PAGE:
Among those represented in depth: Joseph Beuys, Cindy Sherman, Jeff Koons, John Baldessari, Mike Kelley, Jean-Michel Basquiat, Eric Fischl, Leon Golub, Andreas Gursky, Damien Hirst, Glenn Ligon, Sharon Lockhart, Lari Pittman, Charles Ray, Ed Ruscha, Philip Taaffe, Robert Therrien, Terry Winters, Christopher Wool, Richard Artschwager, Chuck Close, Jasper Johns, Ellsworth Kelly, Roy Lichtenstein, Robert Rauschenberg, Frank Stella, Cy Twombly, Andy Warhol.
I think that if the Broad is to always remain a vital museum, not a collector’s mausoleum, it will need to Broad-en its sights—developing dynamic programming that views the collection as a springboard, not a straitjacket. This will mean bringing in some new curatorial blood and admitting outside loans into the mix.
[UPDATE: Here are LA Times art critic Christopher Knight‘s suggestions for keeping the Broad Collection vital.]
Details about the architectural design for the new facility will not be released until October, when construction of a three-story parking garage will begin. Museum construction is expected to begin in 2011, with completion in late 2012.
The LA Times’ architecture critic, Christopher Hawthorne, got an advance look, a few weeks ago, at the designs submitted by the six finalists for the project, including the winners, Diller Scofidio + Renfro, who had also been on the shortlist for SFMOMA’s Fisher-related expansion.
In an article for today’s paper, Hawthorne writes:
The news that New York firm Diller Scofidio + Renfro has finally, officially been named architect of the new Broad Collection museum in downtown Los Angeles proves a couple of things quite clearly. One is that in a design competition as constrained and carefully controlled as the one Eli Broad has been running, a few big conceptual ideas dramatically presented—rather than an inventive treatment of a building’s shape—can go a long way….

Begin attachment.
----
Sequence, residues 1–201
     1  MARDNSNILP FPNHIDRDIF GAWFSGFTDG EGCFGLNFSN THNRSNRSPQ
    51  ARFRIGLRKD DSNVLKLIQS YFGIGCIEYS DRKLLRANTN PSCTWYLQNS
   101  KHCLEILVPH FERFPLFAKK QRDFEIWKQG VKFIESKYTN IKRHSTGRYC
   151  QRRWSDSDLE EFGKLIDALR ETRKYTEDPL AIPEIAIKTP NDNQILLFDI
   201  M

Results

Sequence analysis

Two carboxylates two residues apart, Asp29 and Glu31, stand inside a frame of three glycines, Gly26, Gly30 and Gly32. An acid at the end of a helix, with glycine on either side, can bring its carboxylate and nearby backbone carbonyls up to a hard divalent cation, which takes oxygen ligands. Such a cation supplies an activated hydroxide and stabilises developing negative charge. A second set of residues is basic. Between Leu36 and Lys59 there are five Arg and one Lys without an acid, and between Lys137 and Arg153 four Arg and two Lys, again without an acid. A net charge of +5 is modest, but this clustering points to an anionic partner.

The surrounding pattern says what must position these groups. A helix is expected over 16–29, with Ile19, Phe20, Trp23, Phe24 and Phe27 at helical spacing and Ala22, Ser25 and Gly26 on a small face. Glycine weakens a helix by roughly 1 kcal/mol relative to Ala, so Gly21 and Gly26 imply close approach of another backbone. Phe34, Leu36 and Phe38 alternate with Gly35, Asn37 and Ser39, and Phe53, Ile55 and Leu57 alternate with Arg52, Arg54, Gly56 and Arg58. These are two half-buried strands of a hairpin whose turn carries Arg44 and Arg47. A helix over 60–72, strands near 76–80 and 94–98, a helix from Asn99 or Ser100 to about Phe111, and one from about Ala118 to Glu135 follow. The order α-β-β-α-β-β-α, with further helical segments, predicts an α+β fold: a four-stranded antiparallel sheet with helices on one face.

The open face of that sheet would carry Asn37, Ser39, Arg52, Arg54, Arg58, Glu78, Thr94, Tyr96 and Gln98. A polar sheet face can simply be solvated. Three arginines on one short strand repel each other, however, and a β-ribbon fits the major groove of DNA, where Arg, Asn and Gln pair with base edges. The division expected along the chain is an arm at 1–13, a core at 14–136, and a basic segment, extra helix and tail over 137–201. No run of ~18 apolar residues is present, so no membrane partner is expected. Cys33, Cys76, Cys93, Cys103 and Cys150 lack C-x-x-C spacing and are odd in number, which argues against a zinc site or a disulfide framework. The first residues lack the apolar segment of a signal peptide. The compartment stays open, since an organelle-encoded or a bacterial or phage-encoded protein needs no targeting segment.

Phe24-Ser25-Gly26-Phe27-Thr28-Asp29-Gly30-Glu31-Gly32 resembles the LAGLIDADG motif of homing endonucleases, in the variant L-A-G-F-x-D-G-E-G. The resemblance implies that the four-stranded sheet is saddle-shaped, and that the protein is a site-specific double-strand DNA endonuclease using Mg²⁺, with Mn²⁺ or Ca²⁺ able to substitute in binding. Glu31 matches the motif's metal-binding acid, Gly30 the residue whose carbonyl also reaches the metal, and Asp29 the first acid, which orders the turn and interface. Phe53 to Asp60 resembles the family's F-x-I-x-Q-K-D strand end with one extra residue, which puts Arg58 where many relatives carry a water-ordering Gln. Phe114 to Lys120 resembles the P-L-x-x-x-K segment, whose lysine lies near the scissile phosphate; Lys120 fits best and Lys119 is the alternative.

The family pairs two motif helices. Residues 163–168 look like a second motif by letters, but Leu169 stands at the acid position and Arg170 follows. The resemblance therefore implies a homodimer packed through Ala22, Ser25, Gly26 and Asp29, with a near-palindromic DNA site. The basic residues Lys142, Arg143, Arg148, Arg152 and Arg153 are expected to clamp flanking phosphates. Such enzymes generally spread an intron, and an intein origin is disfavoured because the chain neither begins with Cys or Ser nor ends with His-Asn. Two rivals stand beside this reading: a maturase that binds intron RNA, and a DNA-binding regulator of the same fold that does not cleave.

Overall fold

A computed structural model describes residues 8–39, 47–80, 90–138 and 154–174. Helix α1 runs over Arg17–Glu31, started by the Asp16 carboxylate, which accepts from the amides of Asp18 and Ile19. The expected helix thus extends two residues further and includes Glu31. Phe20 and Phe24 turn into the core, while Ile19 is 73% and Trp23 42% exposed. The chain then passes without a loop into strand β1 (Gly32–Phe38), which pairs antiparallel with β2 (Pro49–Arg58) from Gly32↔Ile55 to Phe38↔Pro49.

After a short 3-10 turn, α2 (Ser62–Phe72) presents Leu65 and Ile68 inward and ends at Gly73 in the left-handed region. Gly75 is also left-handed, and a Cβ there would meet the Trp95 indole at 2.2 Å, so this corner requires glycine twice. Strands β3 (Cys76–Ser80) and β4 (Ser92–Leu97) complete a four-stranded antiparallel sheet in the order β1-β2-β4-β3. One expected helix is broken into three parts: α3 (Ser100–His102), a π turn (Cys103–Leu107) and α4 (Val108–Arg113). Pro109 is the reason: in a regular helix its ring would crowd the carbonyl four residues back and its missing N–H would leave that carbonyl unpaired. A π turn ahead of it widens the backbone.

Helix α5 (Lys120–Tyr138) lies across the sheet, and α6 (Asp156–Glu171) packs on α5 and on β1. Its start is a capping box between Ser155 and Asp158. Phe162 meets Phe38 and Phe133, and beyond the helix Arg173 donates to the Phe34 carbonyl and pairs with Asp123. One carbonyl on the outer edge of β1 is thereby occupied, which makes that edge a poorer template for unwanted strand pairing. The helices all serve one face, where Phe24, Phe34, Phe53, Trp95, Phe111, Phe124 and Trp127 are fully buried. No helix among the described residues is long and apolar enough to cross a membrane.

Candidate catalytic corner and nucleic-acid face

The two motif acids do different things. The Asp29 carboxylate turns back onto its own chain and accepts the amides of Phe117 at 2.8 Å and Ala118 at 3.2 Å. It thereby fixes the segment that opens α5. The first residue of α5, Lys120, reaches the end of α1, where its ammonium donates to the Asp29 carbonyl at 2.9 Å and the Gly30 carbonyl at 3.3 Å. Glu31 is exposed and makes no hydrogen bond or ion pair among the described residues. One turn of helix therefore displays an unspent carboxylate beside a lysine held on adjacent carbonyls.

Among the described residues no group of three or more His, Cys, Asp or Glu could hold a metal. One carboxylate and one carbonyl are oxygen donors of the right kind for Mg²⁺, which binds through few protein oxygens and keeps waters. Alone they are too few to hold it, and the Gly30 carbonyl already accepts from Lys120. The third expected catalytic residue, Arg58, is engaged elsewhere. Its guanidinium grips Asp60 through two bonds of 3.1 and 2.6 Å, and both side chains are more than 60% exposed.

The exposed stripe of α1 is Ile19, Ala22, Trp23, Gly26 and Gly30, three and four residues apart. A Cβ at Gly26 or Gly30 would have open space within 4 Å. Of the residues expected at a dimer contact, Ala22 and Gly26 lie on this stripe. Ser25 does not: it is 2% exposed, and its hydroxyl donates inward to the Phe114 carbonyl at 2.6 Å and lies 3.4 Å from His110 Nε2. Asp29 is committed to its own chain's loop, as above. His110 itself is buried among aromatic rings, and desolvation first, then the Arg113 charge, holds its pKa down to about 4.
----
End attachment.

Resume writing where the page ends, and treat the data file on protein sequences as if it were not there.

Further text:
The most dramatic element of the firm’s proposal—its wow moment—is a lobby space that will bring pedestrians entering the museum from Grand Avenue face to face, through glass, with drivers on their way down to the museum’s parking garage.
Yikes! A drive-through museum. “This ain’t no disco. This is LA.” No runaway cars, please. And make sure to budget in some very effective shielding of the museum from exhaust fumes and traffic vibrations.
From his tentative appraisal of the tentative design plans, it appears that Hawthorne shares some of my misgivings about the architects, whose best moment, for me, was the Whitney Museum’s engaging and absorbing 2003 exhibition devoted to their inventive conceptual projects.
According to Hawthorne:
The firm hasn’t always proved that it can turn that flow of ideas into convincing, rigorously built architectural space, as least on an entirely consistent basis. Doing so in this case will be complicated by having the passionate and highly involved Broad as a client.
If he was hands-on during the planning of the lackluster Renzo Piano-designed Broad Contemporary Art Museum at LACMA, imagine how “highly involved” Broad will be in conceiving his own collection’s permanent digs. In the dance between client and architect, Broad, a construction mogul, likes to lead.